SHARIAH AND LEGAL ISSUES IN HOUSE BUYING IN MALAYSIA: THE LEGALITY OF BAY’BITHAMAN-AL-AJIL (‘BBA’) WITH SPECIAL REFERENCE TO ABANDONED HOUSING PROJECTS

PART TWO

Suggestions

 In facing the above problems, the following are suggested:

1)         The current practice of the Malaysian style of BBA should be abolished. Instead, the Islamic financial institutions should use other modes of transactions, such as musharakah, ijarah or a modified BBA in house financing. In order to illustrate this, in musharakah, the Islamic Bank enters into an agreement with the customer/purchaser that both (the Bank and the customer/purchaser as partners) agree to jointly purchase a duly completed housing accommodation. The customer/purchaser will pay certain portion of the purchase price to the vendor developer and the balance of the purchase price shall be paid by the Bank to the vendor developer. The ownership of the house will be shared by both on the execution of the sale and purchase agreement with the vendor developer. The whole ownership will be transferred by the Bank to the customer/purchaser, on the customer/purchaser paying the full balance purchase price, together with the profit margin (in installments for certain duration or in lump sum), which the bank stipulated to the customer/purchaser, insofar as it is equitable and fair. The Bank undertakes to give certain rebate if the customer can settle earlier the balance purchase price together with the profit margin. Similarly, this illustration is likewise applicable in ijarah transaction. The Islamic Bank will pay the full amount of the purchase price of the duly completed house to the developer. Later, the bank leases it to the customer/purchaser for certain duration. The whole progressive rental payment paid in installments for certain duration by the customer/purchaser are considered as a settlement of the full price, together will the profit margin set by the Bank, of the house. Under the ijarah mode, the customer/purchaser also enjoys equitable rebate if he can settle the full purchase price and the profit margin earlier. This would prevent the possibility of the occurrences of riba’ and gharar al-fahish transactions and other problems associated with the BBA, as illustrated above;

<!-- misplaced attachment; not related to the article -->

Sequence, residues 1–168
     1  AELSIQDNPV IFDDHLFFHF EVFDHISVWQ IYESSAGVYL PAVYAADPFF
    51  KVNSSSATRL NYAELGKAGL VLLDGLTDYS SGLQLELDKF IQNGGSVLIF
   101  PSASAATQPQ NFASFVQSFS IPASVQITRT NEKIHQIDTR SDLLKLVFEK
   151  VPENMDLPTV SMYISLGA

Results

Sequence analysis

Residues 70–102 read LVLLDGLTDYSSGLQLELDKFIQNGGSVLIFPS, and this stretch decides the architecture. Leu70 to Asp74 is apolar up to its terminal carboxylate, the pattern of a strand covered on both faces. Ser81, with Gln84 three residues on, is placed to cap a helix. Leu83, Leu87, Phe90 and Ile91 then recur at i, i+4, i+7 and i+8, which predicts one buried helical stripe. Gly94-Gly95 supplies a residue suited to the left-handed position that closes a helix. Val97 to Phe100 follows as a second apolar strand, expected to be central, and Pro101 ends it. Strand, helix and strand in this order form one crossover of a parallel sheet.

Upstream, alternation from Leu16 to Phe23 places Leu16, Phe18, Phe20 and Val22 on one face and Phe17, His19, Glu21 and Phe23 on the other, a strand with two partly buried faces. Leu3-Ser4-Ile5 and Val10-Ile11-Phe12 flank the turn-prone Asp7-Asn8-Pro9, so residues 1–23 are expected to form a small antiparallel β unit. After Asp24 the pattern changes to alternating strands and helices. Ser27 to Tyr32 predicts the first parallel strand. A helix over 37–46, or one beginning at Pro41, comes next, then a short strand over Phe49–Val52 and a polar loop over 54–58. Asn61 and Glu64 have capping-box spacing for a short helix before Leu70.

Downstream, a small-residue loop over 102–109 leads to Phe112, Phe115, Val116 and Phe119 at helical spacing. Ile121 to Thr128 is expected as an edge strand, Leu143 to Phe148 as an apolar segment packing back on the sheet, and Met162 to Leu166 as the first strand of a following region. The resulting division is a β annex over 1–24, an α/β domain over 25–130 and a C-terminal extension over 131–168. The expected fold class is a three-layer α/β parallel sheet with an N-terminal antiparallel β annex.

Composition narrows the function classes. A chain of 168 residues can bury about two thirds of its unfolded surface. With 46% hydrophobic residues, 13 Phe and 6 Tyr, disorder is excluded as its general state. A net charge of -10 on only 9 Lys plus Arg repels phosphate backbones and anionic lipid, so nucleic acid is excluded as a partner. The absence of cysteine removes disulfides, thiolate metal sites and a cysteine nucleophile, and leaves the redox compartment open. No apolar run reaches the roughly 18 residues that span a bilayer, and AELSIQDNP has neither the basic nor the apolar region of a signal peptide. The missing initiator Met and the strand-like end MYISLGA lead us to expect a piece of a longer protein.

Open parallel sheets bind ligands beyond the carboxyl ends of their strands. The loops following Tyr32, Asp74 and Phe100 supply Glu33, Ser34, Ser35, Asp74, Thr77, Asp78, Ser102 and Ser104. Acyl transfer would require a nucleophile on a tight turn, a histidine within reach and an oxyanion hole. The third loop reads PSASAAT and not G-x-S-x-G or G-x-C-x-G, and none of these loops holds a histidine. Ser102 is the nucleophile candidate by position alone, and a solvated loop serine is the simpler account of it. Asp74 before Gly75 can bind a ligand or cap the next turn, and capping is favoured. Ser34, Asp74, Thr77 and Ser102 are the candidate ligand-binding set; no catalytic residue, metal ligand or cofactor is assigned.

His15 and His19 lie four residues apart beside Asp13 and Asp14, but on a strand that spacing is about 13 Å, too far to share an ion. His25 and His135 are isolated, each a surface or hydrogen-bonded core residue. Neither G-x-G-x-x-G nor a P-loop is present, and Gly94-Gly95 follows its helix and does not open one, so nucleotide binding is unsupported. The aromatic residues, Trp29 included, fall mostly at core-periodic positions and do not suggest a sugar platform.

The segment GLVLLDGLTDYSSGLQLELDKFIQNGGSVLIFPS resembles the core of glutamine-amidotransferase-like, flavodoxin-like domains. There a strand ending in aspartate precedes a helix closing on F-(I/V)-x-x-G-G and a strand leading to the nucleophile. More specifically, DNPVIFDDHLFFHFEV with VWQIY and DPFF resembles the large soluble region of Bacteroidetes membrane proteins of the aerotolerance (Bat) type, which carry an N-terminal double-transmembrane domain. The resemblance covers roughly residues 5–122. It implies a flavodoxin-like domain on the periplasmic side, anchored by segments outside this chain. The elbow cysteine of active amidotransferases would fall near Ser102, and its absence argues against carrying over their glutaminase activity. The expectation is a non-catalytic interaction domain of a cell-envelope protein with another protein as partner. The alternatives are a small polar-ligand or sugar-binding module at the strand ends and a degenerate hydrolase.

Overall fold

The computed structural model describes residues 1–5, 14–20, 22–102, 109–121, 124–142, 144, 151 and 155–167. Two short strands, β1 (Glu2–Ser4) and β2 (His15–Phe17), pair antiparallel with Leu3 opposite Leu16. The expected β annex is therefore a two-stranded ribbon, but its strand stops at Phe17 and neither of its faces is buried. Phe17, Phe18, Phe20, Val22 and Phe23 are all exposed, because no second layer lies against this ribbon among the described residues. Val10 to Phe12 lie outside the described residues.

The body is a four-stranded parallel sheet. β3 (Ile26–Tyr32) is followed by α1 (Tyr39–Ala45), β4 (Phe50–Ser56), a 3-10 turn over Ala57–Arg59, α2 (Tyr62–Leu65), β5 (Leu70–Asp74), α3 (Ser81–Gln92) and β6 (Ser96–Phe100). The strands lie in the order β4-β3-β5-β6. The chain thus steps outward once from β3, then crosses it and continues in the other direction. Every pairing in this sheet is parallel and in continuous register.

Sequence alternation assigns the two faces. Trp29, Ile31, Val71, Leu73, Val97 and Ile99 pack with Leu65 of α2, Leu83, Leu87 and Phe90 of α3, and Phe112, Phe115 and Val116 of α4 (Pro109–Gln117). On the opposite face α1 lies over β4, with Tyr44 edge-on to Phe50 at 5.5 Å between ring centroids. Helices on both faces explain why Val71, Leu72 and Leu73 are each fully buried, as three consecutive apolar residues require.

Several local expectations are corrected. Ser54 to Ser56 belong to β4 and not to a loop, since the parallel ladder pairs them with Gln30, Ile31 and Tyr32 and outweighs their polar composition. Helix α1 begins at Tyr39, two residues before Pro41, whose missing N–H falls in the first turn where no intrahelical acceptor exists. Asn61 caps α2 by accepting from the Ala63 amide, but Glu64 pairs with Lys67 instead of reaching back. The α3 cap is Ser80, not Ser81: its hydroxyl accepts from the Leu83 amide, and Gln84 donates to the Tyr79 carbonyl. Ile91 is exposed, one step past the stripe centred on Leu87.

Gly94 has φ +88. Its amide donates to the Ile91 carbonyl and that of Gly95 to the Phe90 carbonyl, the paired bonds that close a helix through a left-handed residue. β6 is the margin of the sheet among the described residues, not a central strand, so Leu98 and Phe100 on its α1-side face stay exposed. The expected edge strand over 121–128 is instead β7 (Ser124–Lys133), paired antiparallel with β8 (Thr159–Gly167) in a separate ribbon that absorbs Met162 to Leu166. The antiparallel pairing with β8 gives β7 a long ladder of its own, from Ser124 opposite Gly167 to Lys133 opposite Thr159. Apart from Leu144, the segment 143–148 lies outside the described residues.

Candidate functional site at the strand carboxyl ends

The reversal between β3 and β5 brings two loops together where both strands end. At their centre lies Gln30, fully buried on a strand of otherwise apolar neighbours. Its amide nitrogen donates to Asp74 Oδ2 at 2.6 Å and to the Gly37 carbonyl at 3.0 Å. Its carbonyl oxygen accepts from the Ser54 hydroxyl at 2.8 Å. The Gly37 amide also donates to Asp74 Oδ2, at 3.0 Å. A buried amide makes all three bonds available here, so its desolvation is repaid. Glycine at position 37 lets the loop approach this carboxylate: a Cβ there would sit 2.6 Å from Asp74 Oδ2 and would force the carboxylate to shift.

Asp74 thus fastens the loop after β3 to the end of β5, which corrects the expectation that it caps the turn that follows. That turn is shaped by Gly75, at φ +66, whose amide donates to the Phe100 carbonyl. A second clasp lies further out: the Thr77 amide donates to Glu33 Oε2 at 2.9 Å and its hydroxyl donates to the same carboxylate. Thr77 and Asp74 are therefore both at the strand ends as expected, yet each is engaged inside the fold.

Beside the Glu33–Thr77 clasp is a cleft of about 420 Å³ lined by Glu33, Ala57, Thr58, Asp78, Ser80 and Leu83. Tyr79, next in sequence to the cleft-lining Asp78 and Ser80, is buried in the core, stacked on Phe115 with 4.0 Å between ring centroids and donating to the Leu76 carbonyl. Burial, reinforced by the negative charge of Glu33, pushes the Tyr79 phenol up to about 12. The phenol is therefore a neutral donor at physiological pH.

2)     The new modes in house financing, such as musharakah and ijarah, if involved the purchases of houses pending completion, must also provide sufficient terms to protect the interests of purchasers if abandonment or otherwise inevitably occurs; or,

3)     If the current practice of the Malaysian style of BBA is to resume, it must substantially be revamped to the effect of protecting the rights of the stakeholders. This is also in accordance with the principles of sadd al-dhari’ (preventing losses). Thus, the following proposals should be adopted by the Islamic banking and financial institutions, viz:

a)    the profit margin should be reduced to a more acceptable and equitable amount so as to avoid riba’ commensurate with the period of occupation and enjoyment of the house by the purchasers/customers to avoid any unconscionable and inequitable modes of transaction prohibited under Islamic law as enshrined in the Quranic verses above), if the customer/purchaser defaults on the installment payment before settling the full sale price;

b) the rebate should be substantial if the customers/purchasers/borrowers were to make early settlement or where the borrowers default during the repayment period as far as the rebate is commensurate with the period of enjoyment of the house and the total installments which have been paid to the bank and as far as this is equitable to the bank and the purchasers/borrowers;